1. Place the back foot on the bench behind you and hop your front foot ahead
  2. Hold the dumbbells at your sides and engage the core
  3. Keeping the chest up throughout, bend your back knee towards the floor and lower the front thigh until it reaches parallel to the floor
  4. Drive front foot into the floor and stand back to the start position
  5. Repeat as many times as required.

Rear foot elevated split squats muscles worked:

  • Quads and hamstrings
  • Glutes
  • Core

5. Dumbbell box step ups

The step up is a similar exercise to the rear foot elevated split squats in the sense that it is a unilateral exercise, forcing each leg to work on its own. This helps to strengthen the core too. The other benefit is that you challenge your grip (if the weight is heavy enough).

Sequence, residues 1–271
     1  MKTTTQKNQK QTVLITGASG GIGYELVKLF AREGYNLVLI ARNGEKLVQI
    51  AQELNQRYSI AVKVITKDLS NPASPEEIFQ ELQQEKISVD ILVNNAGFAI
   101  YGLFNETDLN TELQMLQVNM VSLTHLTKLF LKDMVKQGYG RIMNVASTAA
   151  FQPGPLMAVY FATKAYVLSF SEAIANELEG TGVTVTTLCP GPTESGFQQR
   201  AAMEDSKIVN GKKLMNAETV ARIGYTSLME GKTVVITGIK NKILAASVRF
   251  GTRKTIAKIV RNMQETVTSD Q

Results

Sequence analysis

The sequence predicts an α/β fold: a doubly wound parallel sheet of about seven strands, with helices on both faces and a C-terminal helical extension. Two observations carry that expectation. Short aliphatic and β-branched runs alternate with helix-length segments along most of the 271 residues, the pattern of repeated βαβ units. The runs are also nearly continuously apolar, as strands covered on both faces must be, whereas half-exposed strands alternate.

Dumbbell box step ups are a really tough exercise and will challenge you from a cardio point of view too.

Equipment needed for step ups:

SMRFT Nüobell 80LB Adjustable Dumbbells

SMRFT Nüobell 80LB Classic
Read our best adjustable dumbbell guide here

These are the dumbbells we recommend for ‘most people’.

We have spent over 50 hours of research and compared over 100 dumbbells. Adjustable dumbbells make sense for most home gyms as they save space.

The Nüobell dumbbells go all the way to 80lbs per hand. This means they are much more versatile than most 50lbs adjustable dumbbells. You can use these for heavy shrugs, squats and bench press etc.

The main reason they are the top pick is because of their shape. They actually feel like real dumbbells and are not awkward to lift like some others.

How to do step ups: